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Unwritten Speech Codes

A few weeks ago, about the time when The Dartmouth Review blog broke the Priya Venkatesan story and Dartblog was first to publish an interview with Ms. Venkatesan, the Office of Public Affairs began to include blogs in their review of Dartmouth in the news. This did not last long, and it is not the first time. In 2005 a blog called “ViewPoints” a compendium of Dartmouth news and information largely from student blogs was begun only to mysteriously vanish.

One Dartmouth student, class of 2010, commented to Dartblog on the recent OPA reversal of policy:

Surprise, surprise, the Dartmouth Propaganda Machine will only alert you to the good things the Dartmouth Administration does. In what is essentially the largest self-call in the history of Dartmouth (Self-call is slang for egotistical statement here at Dartmouth) the Office of Public Affairs (OPA) here on the hill creates €œa daily summary of news coverage involving Dartmouth, and higher education in general, that the Dartmouth Office of Public Affairs has found and compiled. € You can sign up to have this self-call blitzed to you daily. Recently, I believe it coincided with the Priya fiasco, the OPA appropriately began to include blog coverage of Dartmouth. I found this to be wonderful as I was now but a ctrl-click away from reading articles discussing Dartmouth on blogs such as this one, Dartlog, Powerline, etc.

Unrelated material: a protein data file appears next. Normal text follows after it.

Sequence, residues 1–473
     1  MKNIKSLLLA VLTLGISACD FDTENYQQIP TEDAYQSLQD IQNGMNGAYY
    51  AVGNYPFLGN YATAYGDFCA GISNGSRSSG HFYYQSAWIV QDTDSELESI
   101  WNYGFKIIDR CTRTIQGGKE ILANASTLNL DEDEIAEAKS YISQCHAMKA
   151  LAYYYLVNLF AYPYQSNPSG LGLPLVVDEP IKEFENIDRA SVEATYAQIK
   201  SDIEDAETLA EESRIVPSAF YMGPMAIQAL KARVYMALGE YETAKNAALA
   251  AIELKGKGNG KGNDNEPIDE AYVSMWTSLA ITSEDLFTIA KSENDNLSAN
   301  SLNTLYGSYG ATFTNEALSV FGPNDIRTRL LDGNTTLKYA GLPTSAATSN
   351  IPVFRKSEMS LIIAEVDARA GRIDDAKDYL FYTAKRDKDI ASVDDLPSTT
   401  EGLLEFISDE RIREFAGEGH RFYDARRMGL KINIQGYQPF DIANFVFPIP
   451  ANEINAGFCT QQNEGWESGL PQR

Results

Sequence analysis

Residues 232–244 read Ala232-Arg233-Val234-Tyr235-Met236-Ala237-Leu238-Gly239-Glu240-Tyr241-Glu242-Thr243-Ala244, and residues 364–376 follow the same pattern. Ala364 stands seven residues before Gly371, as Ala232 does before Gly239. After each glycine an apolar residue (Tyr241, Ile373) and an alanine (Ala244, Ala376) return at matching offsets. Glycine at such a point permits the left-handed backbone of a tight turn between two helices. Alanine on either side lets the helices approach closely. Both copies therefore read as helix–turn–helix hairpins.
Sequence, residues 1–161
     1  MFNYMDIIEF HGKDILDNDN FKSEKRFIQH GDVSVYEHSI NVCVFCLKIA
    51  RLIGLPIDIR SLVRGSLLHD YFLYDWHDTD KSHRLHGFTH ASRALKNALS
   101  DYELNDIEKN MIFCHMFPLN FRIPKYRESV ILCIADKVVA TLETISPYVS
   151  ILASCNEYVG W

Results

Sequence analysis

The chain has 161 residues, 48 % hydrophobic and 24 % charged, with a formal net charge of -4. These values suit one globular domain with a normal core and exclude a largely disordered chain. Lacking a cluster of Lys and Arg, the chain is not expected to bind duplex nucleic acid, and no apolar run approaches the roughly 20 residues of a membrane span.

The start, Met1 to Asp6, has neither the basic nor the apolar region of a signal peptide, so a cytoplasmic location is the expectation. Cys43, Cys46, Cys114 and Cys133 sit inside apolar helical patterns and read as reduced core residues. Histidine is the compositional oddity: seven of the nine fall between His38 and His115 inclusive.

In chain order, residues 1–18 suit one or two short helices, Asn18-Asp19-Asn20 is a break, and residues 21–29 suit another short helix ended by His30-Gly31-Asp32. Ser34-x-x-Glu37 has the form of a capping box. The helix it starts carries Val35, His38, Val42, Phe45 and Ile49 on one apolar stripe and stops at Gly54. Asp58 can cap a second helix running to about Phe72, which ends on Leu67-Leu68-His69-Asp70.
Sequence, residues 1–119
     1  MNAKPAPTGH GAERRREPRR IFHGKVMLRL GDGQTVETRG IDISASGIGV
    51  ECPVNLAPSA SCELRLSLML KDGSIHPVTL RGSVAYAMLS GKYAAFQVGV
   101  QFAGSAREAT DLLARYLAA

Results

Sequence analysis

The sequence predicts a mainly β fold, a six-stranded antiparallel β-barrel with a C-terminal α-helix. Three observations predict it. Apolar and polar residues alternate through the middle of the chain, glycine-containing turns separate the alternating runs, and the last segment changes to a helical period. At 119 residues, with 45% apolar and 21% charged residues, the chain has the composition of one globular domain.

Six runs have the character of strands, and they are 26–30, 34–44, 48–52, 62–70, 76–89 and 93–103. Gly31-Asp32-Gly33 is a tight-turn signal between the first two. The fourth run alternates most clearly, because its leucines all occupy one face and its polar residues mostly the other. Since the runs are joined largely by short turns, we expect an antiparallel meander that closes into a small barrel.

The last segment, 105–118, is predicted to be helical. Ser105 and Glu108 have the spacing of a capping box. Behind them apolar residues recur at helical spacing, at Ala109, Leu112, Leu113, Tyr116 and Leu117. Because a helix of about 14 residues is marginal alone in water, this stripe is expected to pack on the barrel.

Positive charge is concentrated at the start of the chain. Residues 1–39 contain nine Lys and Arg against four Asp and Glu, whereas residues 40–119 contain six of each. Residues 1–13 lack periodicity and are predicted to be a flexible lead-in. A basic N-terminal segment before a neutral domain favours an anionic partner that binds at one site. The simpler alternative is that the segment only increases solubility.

Unfortunately someone in the Administration evidently caught on and quickly censured this informative feature, by means of some industrious and hardworking pawn, err €¦ student intern. As of this week, the blitz from the OPA no longer includes Dartmouth mentions in blogs. You see, most of the blogging which goes on about Dartmouth is pro-reform or constructively critical of the Wright Administration. I suggest we all continue reading pieces that challenge the status quo and make us think. It ‘s better than propaganda.

Or not. Perhaps ignorance is bliss. After all, it may be 2008 in America, but at the Little College on a Hill, some are still trying to turn back the clock to 1984.

Conditions on the ground might not be quite Orwellian, but I wish that I could say I believed it was just a coincidence that the media sources that advocate reform and cast a critical eye towards the Administration are the news sources that are not included in the daily media roundup at Dartmouth.


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